What is Jesse Jackson thinking? He had an opportunity yesterday to influence the outcome of tomorrow's Democratic presidential primary, but refrained from doing so. Preaching to two large Baptist congregations in the heart of Baltimore -- Sharon and New Shiloh -- on the Sunday before the election, Jackson didn't even drop a name, and the most obvious name we didn't hear from the pulpit was that of Bill Clinton. Why the restraint?
Was this Jackson's way of making Clinton squirm a bit longer for his angry and foolish outburst against the reverend last week? Jackson downplayed Clinton's remarks -- the Arkansas governor was reacting to an erroneous report that Jackson was about to endorse Iowa Sen. Tom Harkin -- as an "attack without verification," and an "error in judgment."
Could Jackson, who ran for president in 1984 and 1988, be leaving the door open for a revival of his own candidacy? "We have been receiving a lot of pressure to re-enter the race," he said in passing. Could he be holding back, waiting for a point of grander influence? It's hard to tell exactly what accounts for Jackson's decision not to make an endorsement at a decidedly critical time at a decidedly critical place.
If Bill Clinton is counting on heavy black support from the city to pull off a win in Maryland, he needed Jackson to drop his name on the Lord's day. That it didn't happen adds an intriguing dynamic to Tuesday's drama. Mayor Kurt Schmoke's endorsement is important for Clinton but it does not pack a punch or reverberate the way Jackson's does. (It doesn't match the punch of an endorsement from Rep. Kweisi Mfume, either.) The lack of a plug from either Jackson or Mfume could deprive Clinton of the edge he needs to beat Paul Tsongas.
"People are not responding, they're uncommitted," Jackson said after a long, eloquent and classically passionate sermon at Sharon Baptist. "There's a vacuum, and the candidates have to broaden their message to address that vacuum. There has been a repetitive focus on the middle class. . . . There's a vast body of people who feel their needs are not being addressed."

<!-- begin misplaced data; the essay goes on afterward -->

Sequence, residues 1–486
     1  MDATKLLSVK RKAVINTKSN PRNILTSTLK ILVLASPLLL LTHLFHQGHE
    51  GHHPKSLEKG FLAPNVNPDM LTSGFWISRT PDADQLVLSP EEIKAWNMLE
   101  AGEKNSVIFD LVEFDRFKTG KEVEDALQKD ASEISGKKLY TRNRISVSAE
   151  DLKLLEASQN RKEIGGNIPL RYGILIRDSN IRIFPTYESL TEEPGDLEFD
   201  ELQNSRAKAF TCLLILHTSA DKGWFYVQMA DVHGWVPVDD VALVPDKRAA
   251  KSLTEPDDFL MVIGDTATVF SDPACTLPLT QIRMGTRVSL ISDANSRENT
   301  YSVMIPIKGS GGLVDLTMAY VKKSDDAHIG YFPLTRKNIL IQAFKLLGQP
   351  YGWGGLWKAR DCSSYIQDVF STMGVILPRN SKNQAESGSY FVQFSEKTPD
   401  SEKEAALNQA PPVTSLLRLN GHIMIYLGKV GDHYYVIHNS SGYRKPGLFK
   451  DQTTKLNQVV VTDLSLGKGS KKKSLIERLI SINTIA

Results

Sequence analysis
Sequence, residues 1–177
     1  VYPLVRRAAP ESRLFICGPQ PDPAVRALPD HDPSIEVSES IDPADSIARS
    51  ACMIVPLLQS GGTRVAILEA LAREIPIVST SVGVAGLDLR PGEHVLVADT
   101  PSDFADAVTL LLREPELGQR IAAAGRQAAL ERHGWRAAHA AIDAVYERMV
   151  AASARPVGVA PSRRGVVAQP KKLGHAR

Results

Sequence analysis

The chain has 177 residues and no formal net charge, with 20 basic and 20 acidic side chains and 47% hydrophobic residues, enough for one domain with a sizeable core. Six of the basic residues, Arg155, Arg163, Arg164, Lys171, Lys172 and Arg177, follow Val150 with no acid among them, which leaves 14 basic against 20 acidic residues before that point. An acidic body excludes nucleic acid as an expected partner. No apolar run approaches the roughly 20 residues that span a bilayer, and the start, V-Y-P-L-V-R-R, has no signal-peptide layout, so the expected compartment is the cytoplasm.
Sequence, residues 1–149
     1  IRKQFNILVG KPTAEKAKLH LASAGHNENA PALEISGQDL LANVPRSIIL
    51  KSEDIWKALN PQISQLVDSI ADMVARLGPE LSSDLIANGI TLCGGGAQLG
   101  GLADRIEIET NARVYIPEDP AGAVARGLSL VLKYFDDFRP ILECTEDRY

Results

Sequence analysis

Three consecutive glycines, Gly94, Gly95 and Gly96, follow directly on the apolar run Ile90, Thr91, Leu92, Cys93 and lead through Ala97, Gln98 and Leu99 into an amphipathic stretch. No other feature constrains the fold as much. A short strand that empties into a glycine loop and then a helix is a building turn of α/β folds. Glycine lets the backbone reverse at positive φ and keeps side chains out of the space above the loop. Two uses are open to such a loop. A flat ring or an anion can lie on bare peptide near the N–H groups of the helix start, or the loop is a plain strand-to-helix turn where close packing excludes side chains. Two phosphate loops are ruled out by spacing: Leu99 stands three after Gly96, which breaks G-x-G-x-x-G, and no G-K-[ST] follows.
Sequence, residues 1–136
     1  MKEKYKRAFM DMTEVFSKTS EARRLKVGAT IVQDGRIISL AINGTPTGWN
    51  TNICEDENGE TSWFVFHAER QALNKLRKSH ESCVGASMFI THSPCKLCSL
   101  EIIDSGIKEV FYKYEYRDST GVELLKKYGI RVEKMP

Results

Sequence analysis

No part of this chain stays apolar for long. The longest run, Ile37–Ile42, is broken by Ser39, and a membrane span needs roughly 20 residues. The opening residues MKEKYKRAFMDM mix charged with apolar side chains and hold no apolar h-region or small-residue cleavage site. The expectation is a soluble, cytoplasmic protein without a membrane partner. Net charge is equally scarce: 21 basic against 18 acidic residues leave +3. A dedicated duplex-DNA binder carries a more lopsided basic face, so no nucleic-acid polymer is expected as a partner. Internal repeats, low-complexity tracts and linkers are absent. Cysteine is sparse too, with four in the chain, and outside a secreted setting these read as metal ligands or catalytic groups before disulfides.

For Jackson, that means none of the five leading Democrats, with the possible exception of Harkin, has forcefully addressed the urban problems that have been allowed to fester during the Reagan-Bush years -- poverty, homelessness, underfunded public schools. "If people see no hope, they won't vote," Jackson said.
In his sermons in Baltimore yesterday, Jackson presented a history of sins, past and present, against minorities by a Washington establishment he portrayed as a preservation society for the status quo. The Reagan-Bush administrations, he said repeatedly, neglected American cities, rural families and the working poor. We haven't invested in human capital; we have wasted human potential.
"Why," he asked in a voice that cracked through a microphone, "do so many young men consider jail a step up? Once in jail, they are no longer homeless. They have doctors in jail. They have libraries in jail. They have organized recreation in jail. They have everything in jail they should have had out here!!"
Wealthy communities can afford to effectively educate children, while children in poor communities have to get by with less.
"Last year, not one child from New Haven went to Yale," Jackson said. He mentioned a prison where the annual per-inmate cost is $36,000. "We spend twice more a year to go to jail than to go to Yale. We got to change our course!"
As he has done for years, Jackson spoke of the working poor, the millions of Americans who keep full-time jobs but whose incomes still fall below the government-set poverty line. "They raise other people's children, they cook our food, they work every day. They change hospital beds every day, yet when they get sick they cannot afford to lie in the bed they made every day. We got to change our course!"
There's no argument there. None of the Democrats running for president would disagree with Jackson. The four we saw in a televised debate last night -- Clinton, Harkin, Tsongas and Jerry Brown -- share a political heritage that is more akin to Jesse Jackson's than the reverend thinks. They share fundamental beliefs in social justice and progressive government. Each, but especially Harkin and Brown, offers to rattle the Republican status quo.
If in their campaigns they speak frequently to the middle class -- even pander to it -- there's a good reason. For more than a decade, they have been advised to address the concerns of the working people who pay the big bills of government. The Democrat who wins this time will be the one who can keep faith with and revive the high principles of the party while offering a long view on economic recovery. And all the candidates seem to be offering that, which is why the choice is so difficult, which makes tomorrow a beautiful day for an election.